Once the state is restored, Reed said the company plans to send crews to parts of southern Rhode Island and Long Island.

By late Thursday afternoon, NStar had restored power to the majority of the 400,000 customers who lost electricity, and expected to complete the job — about 6,000 customers — by Friday morning, said spokesman Michael Durand.

The majority of those still in the dark Thursday live in heavily forested communities such as Lincoln and Sudbury, where tree and wire damage was extensive, Durand said.

“There’s a lot of work that has to be done, and there’s considerable damage,” he said. “It could go beyond midnight [Thursday].”

Maureen G. Valente, Sudbury town manager, said NStar crews have been working hard to rebuild entire power infrastructures in the hardest-hit neighborhoods. But she said communications between the utility and town public-safety officials could have been better.


“There are some neighborhoods that literally look like a war zone,” Valente said of the town, which was visited Thursday by Thomas May, chief executive of NStar’s parent company, Northeast Utilities. “That has been a tremendous challenge, the number of trees and roadblocks.”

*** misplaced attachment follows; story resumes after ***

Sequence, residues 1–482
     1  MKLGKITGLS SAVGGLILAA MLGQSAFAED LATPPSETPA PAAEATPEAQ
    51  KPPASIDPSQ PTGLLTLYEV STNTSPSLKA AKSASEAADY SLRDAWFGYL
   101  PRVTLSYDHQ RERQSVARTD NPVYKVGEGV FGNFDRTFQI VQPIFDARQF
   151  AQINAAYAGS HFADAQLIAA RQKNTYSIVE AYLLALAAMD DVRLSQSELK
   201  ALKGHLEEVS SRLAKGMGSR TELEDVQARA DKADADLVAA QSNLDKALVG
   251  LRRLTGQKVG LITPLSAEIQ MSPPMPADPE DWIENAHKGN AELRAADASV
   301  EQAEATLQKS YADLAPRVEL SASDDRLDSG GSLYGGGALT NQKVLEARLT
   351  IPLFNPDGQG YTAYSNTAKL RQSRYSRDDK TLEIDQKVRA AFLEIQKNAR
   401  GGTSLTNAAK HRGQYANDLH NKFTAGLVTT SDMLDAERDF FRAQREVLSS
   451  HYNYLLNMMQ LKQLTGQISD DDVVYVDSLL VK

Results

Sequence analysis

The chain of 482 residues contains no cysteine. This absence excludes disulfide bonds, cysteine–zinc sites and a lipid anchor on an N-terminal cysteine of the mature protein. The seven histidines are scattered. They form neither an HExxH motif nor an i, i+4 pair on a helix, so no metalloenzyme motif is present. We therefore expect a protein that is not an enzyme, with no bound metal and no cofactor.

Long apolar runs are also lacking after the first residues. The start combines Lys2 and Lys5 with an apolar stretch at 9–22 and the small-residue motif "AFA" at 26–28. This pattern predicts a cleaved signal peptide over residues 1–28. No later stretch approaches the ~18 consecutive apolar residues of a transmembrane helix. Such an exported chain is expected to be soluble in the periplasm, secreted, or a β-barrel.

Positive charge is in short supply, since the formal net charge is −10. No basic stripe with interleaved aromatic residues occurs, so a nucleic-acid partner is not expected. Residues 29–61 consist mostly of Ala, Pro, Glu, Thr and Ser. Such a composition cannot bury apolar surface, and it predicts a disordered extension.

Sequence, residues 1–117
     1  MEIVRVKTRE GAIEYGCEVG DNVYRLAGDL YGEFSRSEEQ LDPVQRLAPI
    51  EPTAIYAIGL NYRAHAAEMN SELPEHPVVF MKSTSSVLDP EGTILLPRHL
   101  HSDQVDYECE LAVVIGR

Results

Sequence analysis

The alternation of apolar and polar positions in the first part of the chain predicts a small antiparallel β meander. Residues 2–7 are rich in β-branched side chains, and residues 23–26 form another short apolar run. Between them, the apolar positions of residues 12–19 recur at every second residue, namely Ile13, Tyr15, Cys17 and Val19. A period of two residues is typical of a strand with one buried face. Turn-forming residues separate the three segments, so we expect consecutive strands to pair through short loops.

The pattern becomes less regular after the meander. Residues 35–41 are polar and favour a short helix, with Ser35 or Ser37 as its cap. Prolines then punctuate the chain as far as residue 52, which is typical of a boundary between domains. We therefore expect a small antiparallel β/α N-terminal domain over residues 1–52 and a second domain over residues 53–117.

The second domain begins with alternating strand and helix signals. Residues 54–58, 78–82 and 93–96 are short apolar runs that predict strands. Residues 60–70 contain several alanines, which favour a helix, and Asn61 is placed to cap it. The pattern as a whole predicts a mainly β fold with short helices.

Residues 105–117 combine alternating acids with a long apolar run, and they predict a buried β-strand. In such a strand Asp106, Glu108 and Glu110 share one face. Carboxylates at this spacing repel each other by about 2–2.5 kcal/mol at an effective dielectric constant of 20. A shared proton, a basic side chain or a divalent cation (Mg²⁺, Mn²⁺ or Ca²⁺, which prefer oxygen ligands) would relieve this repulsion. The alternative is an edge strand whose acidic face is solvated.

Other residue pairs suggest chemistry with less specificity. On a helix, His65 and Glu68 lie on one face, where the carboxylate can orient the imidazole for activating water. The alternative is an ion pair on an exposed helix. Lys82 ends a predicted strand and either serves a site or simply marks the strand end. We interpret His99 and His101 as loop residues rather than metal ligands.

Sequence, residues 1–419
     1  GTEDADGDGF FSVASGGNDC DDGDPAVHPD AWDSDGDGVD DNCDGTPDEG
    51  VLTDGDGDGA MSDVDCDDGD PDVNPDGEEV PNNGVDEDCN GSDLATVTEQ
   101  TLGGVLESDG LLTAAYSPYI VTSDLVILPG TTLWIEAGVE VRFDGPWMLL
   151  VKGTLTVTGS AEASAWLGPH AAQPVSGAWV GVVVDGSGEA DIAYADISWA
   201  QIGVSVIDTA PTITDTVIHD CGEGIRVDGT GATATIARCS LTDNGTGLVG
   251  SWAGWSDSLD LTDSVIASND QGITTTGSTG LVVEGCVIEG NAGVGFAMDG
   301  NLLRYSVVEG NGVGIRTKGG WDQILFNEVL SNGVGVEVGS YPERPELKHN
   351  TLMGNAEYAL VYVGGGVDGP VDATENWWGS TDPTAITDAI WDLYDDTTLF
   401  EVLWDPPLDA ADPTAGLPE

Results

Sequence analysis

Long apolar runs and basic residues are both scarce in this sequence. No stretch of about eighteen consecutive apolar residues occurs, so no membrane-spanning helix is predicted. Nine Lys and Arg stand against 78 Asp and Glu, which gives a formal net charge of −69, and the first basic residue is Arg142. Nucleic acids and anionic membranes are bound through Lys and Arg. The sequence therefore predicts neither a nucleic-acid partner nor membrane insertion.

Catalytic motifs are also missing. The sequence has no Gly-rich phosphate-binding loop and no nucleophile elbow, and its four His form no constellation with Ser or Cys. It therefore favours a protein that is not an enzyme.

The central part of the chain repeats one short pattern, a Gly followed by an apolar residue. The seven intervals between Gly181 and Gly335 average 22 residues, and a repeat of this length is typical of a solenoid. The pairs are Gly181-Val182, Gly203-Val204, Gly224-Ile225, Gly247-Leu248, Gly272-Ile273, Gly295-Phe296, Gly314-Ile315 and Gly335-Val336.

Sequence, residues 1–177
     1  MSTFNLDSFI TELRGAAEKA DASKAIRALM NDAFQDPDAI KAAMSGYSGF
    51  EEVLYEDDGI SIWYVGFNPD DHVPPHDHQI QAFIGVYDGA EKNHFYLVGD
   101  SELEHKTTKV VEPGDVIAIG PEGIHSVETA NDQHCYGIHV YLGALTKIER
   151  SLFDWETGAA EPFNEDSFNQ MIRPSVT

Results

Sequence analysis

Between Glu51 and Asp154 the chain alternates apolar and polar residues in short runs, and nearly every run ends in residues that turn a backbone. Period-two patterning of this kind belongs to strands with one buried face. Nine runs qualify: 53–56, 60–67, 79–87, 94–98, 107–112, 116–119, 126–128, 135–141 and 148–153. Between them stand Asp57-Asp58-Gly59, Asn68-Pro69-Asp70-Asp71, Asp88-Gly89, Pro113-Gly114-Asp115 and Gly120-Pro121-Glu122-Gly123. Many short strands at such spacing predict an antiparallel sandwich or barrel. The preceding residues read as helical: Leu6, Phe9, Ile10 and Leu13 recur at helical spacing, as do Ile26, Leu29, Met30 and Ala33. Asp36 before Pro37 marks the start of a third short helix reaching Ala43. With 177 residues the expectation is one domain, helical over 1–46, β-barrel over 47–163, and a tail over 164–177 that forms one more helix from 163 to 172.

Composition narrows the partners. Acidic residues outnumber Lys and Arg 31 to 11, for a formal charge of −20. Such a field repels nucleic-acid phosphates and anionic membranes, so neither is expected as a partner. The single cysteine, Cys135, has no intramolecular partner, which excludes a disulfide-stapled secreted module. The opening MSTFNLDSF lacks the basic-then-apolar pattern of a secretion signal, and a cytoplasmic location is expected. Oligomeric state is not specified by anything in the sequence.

Once power is restored for NStar customers, crews will travel to Connecticut to help sister company Connecticut Light and Power.

Unitil, which by Wednesday had restored power to the 41,000 Massachusetts and New Hampshire customers, sent gas crews to New Jersey on Thursday, said spokesman Alec O’Meara. The company’s crews were on their way to Rhode Island Thursday afternoon.

In addition to extra utility crews, storm-ravaged New York will be getting the 540-foot Kennedy, built in 1967 and retrofitted to serve as a floating classroom in 2009. It can accommodate up to 710 people.

The federal government activated the Kennedy on Thursday to help with hurricane relief efforts, said Admiral Richard Gurnon, Mass. Maritime president. The Kennedy produces its own electricity and fresh water, which means it will not be a drain on strained resources where millions are without power.